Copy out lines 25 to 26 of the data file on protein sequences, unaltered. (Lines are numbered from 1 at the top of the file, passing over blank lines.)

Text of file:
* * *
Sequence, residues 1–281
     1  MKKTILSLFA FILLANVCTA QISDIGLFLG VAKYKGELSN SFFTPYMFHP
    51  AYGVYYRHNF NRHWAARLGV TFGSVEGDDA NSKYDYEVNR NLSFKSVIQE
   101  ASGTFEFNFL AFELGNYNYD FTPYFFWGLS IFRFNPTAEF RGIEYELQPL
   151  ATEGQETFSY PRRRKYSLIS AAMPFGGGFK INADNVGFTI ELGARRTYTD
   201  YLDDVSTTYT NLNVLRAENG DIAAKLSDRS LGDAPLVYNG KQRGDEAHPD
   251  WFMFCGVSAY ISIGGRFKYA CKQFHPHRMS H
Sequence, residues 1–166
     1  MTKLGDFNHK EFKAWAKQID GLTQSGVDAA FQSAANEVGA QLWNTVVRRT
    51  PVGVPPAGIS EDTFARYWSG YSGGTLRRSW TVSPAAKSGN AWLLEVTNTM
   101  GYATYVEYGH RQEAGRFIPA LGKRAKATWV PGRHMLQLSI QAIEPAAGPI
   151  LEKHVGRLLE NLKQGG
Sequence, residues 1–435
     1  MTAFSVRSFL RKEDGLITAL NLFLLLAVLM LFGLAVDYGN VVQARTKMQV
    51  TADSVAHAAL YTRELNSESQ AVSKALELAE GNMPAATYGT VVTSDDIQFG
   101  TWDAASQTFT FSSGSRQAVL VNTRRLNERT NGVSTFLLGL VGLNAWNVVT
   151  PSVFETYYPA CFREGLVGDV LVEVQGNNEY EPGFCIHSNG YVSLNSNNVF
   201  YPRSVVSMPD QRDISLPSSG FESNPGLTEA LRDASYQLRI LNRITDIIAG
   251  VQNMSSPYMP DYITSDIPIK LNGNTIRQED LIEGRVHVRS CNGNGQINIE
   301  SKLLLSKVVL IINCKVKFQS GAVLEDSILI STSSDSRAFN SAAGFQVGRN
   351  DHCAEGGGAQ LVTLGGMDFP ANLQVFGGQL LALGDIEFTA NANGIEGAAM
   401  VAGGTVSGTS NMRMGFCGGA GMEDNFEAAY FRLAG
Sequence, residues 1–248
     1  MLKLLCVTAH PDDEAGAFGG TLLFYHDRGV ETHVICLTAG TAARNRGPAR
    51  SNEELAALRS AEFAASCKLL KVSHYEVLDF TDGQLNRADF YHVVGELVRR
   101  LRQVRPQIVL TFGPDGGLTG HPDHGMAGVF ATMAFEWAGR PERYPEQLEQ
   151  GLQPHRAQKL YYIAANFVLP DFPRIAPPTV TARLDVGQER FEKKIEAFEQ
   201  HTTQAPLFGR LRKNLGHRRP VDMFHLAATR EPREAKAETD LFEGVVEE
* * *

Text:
    51  SNEELAALRS AEFAASCKLL KVSHYEVLDF TDGQLNRADF YHVVGELVRR
   101  LRQVRPQIVL TFGPDGGLTG HPDHGMAGVF ATMAFEWAGR PERYPEQLEQ